Though people here have repeatedly expressed interest in making a spring reverb, there has been surprisingly, and perhaps dismayingly, very little interest over the years in building a plate reverb. Here's a place to start:http://www.google.ca/search?client=firefox-a&rls=org.mozilla%3Aen-US%3Aofficial_s&hl=en&q=Building+a+plate+reverb&meta=&btnG=Google+Search
The thing to remember about reverberation is that it depends almost entirely on the physics of momentum. In other words, energy is applied to some body that transmits the energy in a reasonably conserved or efficient manner, such that the energy and the momentum lasts for some period of time.
In fact, that is EXACTLY what happens in a physical space. Sound is transmitted through the air, and if the walls and other surfaces are highly reflective, the air will provide very little impediment to that acoustic energy continuing its momentum. That is why walking outside in the falling snow always sounds to intimate and quiet - the snow reduces that momentum and the reverberation comes to a halt.
Plate reverb relies on the omnidirectional (at least in 2-dimensional space) distribution of acoustic energy. A driver is attached to a flexible, but rigid enough, suspended metal plate (like springs, the suspension is to make sure the vibrations are not damped, so that all momentum is conserved and maximized). Ideally, or rather traditionally, it is mounted dead center in the plate so that vibrations move outwards from the most flexible part of the plate - a bit like getting more bandwidth from a cymbal by hitting it in just the right spot.
Unlike a cymbal, where the "rings" are deliberately built into the structure to introduce ring modulation-like textures, the plate is perfectly smooth so that no interference will occur. Because the plate is a 4-sided geometry (either square or rectangular), the driver is attached at a point which can never really be equidistant from ALL points along the edge (THAT would be the case if the plate was circular, rather than rectangle or square). This works in the plate's favour because, like a rectangular room, you get different reflections occurring *because* of that different distance-to-the-edge.
One or more contact mics of some sort (piezo, etc.) are placed in the corner/s of the plate, and what it/they sense is the reverberant energy transmitted by the driver through the plate.
Springs vs plates:
- While a single 4-sided plate produces omnidirectional radiation of sound, a spring transmits in one direction only. In a sense, a plate mimics the use of many sporings of different lengths and tensions.
- Because a spring is coiled, rather than flat, the actual transmission distance covered in a spring is much farther than that of even a fairly large plate. The "space economy" is the primary reason why springs have been the default option for so many years; decent plate reverbs are like huge gongs, and expensive as a result of their bulk.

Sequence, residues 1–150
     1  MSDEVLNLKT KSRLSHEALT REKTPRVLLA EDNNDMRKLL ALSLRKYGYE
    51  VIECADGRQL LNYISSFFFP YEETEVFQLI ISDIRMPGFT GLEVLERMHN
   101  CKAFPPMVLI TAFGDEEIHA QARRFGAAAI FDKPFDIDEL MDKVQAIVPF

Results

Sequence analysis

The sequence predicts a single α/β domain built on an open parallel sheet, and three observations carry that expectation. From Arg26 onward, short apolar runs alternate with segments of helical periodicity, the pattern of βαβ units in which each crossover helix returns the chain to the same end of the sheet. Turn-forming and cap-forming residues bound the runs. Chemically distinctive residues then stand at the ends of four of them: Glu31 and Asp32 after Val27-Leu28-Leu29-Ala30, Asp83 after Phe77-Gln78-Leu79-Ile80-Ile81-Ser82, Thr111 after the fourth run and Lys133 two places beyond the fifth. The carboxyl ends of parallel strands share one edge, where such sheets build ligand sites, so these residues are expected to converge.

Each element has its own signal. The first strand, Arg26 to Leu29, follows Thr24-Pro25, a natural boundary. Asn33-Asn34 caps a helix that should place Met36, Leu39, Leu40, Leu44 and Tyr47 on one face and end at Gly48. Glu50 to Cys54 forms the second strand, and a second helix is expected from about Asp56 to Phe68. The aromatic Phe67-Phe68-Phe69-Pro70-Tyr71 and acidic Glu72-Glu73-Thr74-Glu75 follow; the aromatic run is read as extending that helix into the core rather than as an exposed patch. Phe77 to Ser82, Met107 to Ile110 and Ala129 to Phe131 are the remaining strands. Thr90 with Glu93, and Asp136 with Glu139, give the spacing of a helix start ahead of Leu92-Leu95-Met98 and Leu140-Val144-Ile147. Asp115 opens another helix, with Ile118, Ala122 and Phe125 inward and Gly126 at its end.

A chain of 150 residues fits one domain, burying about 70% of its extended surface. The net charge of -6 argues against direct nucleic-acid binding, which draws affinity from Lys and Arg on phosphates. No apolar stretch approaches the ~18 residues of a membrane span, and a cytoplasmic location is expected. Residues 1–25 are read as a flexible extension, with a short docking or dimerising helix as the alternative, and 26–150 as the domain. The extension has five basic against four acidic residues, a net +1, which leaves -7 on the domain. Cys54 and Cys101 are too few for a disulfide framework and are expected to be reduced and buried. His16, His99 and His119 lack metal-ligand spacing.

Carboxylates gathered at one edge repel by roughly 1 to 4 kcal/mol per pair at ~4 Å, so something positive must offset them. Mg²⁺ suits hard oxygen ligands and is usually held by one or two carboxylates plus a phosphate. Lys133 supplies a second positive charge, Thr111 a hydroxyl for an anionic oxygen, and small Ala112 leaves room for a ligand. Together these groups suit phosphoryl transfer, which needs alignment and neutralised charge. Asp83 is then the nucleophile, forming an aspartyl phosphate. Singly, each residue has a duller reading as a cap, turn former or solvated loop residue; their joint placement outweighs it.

- Because springs are "softer", and the transduction process results in some absorption by the spring's softness, bandwidth in a sopring unit tends to be smaller than that of a plate unit. People often talk about how bright plate units are. Of course, whether you *want* brightness is another thing.
- There is only one place to stick the transducer on the spring - at the end. Plates allow for the use of many different concurrent locations of transducers, which can then be mixed in varying proportions to get different sounds. Just keep in mind that the attachmentment of any transducer is a bit like filling the air with more snowflakes - it tends to dampen the plate and reduce the momentum.
One of the things I have never seen, largely because I haven't looked very hard, is the use of nontraditional plate shapes. For instance, a pie-shaped plate, with the driver transducer at the pointy end should have an action a bit like a wave pool, where the acoustic energy spreads out, but disappears at the wide end, never to bounce back. In theory, anyways, that could produe a clearer, less cluttered sound, though clearly working out an appropriate suspension system that would let the plate hang freely (to reduce damping and maximize momentum), without placing too much pressure on any single corner or edge would be a tricky calculation (MUCH easier to do with a square or rectangle!).
In any event, if you have the space and curiosity, don't discount plates. Plenty of places will sell you sheets of thin guage metal for a reasonable price. Although things like those high-end EMT units use gold foil, I imagine that one could wring something useful out of a 2' x 4' sheet of flat 24 guage galvanized steel or aluminum. As for drivers, the traditional driver for homebrew plate units has been those "make-your-wall-into-a-speaker" units that screw in directly to the drywall and use it like a cone. Sensors can be anything from piezo discs to those suction cup things people use to put on telephone handsets to record conversations.